Ohio’s Medical Marijuana Law Continues Toward Implementation

By Joseph J. Feltes, JD
Friday, November 3, 2017

Joseph J. Feltes, JD

On September 8, 2017, the final rules for physician certificates to recommend medical marijuana became effective. This is a further step toward implementing Ohio’s Medical Marijuana Law (House Bill 253), which will become fully operational by September 8, 2018.


To be eligible to receive a certificate to recommend medical marijuana, the applicant must: (1) hold an unrestricted Ohio license to practice medicine/surgery or osteopathic medicine/surgery; (2) have an active DEA registration; (3) have full access to the drug database established and maintained by the Ohio Board of Pharmacy; and (4) a license to prescribe, possess, dispense, administer, supply, or sell controlled substances.

Any physician who has had a license denied, restricted, or who is subject to disciplinary action by any licensing entity for the inappropriate prescribing, personally furnishing, dispensing, diverting, administering, supplying or selling a controlled substance or dangerous drug is ineligible for receiving a certificate to recommend medical marijuana.

Additionally, an applicant must complete at least two hours of CME certified by OSMA or the Ohio Osteopathic Association regarding: (1) diagnosing qualifying conditions or diseases appropriate for medical marijuana, and (2) treating qualifying medical conditions with medical marijuana, including recognizing possible drug interactions.

Finally, in order to be eligible to recommend medical marijuana, the applicant must not have an ownership, investment interest, or compensation agreement with any licensed medical marijuana entity, including cultivators, processors, testing labs, or dispensaries.

Application Process

The applicant must file a completed application under oath to the State Medical Board. An application is considered complete if it contains evidence that the applicant satisfies each eligibility requirement and is not under disciplinary investigation by the Board.

The Board will thoroughly investigate each application, which may include requesting additional information or requiring the applicant to appear before the Board (or Board representative) to answer questions.

If the Board requires additional information, which the applicant fails to produce within 6 months from the date the Board receives the application, the application will be deemed abandoned as incomplete. Interestingly, an applicant may not withdraw the application for a certificate to recommend marijuana without the Board’s approval.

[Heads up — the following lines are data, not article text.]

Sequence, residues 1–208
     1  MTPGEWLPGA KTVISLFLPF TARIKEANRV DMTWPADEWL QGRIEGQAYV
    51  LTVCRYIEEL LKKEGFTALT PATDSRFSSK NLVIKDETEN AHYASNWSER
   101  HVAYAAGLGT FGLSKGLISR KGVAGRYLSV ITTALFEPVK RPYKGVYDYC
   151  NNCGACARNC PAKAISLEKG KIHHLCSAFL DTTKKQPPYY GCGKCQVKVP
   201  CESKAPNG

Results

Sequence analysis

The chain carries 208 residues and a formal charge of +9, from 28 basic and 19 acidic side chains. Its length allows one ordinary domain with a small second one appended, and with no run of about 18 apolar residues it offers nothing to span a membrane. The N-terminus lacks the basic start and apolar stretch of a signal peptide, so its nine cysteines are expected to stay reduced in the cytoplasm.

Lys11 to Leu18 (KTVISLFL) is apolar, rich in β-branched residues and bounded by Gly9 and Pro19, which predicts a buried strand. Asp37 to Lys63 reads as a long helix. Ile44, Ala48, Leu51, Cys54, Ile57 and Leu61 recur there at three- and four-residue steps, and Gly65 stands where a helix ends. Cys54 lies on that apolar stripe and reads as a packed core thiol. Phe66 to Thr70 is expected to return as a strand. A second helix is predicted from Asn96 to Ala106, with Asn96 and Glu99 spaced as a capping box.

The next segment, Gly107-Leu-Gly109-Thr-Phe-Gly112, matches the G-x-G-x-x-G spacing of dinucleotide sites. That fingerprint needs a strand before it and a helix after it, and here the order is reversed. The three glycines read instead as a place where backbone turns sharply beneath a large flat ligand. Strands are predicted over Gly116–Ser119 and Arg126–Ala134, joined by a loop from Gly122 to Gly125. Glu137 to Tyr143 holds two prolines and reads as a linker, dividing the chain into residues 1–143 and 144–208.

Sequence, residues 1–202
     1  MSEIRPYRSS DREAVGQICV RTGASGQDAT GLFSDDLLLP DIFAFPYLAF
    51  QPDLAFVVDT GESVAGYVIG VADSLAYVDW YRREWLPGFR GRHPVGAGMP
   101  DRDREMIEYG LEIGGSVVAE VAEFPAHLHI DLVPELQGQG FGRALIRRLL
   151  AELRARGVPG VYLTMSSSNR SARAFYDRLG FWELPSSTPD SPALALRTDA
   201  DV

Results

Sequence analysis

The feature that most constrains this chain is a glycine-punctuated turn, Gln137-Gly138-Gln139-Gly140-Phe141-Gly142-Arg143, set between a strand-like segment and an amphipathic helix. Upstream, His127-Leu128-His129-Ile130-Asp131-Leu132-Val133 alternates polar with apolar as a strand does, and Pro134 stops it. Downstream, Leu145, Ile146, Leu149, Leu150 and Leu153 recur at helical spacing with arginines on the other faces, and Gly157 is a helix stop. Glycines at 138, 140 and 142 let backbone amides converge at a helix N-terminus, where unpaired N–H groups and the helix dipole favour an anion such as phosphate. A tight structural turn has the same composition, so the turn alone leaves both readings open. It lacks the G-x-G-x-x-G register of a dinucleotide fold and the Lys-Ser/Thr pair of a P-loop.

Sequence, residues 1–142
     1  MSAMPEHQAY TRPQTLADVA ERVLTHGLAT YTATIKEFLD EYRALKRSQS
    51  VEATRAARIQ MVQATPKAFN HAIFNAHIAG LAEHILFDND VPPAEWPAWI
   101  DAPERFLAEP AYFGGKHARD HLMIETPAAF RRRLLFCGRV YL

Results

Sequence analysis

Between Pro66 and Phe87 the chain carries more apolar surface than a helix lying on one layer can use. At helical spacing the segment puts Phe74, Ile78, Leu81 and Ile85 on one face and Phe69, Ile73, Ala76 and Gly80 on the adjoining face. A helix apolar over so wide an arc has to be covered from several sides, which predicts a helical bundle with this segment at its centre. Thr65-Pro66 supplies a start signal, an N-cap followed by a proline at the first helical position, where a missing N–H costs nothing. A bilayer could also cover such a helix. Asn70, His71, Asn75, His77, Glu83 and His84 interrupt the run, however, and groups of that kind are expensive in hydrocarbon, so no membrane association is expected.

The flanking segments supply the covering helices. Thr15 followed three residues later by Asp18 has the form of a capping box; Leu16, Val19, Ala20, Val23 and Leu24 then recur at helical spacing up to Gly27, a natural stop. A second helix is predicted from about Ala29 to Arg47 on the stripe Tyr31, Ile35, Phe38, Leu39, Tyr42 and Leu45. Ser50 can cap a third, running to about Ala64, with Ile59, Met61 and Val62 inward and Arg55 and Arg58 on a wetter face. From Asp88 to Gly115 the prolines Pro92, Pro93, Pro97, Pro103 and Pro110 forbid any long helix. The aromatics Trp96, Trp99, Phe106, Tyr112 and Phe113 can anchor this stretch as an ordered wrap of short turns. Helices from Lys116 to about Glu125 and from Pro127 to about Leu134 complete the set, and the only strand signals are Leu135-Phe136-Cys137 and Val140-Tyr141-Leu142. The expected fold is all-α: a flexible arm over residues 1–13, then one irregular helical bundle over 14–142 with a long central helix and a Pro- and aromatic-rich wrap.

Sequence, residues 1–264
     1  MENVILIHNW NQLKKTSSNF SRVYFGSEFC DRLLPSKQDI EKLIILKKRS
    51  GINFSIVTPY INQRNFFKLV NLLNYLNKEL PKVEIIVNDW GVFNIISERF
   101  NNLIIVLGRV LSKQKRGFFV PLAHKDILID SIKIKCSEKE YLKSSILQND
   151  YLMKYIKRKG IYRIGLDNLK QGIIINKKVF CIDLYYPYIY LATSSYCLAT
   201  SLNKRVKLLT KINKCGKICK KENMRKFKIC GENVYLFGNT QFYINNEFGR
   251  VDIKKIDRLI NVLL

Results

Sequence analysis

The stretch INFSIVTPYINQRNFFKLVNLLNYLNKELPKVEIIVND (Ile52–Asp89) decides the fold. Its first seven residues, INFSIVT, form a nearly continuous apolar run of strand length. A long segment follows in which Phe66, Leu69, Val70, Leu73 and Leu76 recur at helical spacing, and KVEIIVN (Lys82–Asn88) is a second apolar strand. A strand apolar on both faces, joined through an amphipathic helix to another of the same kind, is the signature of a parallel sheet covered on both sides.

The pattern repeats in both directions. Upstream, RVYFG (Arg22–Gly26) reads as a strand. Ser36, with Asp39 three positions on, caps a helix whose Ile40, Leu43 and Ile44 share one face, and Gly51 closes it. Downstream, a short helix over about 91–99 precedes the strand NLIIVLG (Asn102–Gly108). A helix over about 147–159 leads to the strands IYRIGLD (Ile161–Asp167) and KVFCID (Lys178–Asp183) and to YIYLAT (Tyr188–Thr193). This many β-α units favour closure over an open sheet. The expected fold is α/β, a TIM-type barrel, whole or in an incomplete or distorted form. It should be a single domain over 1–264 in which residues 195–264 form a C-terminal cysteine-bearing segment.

If the application is complete (including any investigation and request for updated information), the Board will process it and grant the certificate to recommend. If, however, the Board proposes to deny issuing a certificate to recommend medical marijuana, the applicant is entitled to a hearing under the administrative provisions of Ohio Revised Code, Chapter 119.

Renewal of the certificate to recommend will coincide with the physician’s renewal of license to practice, provided that all eligibility requirements are updated and remain in effect, and that the physician completes annually two hours of approved CME regarding medical marijuana.

Revocation and Reinstatement

The Board may suspend or revoke a certificate to recommend treatment if the physician is subject to disciplinary action. Upon suspension, lapse, surrender, or revocation of a physician’s certificate to recommend medical marijuana, the Medical Board will notify the Board of Pharmacy.

A physician whose certificate has been suspended may request reinstatement by filing with the Board a written application for reinstatement, supported by evidence that the physician now: (1) meets all eligibility requirements; (2) pays any imposed administrative fees, civil penalties and fines; and (3) successfully completes additional required training.

The Ohio Medical Marijuana Control Program continues to make strides that within the next year will permit physicians to recommend medical marijuana as an alternative to opioids for treating intractable pain and other qualifying medical conditions or diseases.

Joe Feltes is an attorney with Buckingham, Doolittle & Burroughs in Canton, OH, and a member of its Health & Medicine Practice Group. He is also the Managing Partner of Buckingham Canton. For more information about the law firm, go to www.bdblaw.com or e-mail Mr. Feltes at JFeltes@BDBLAW.com.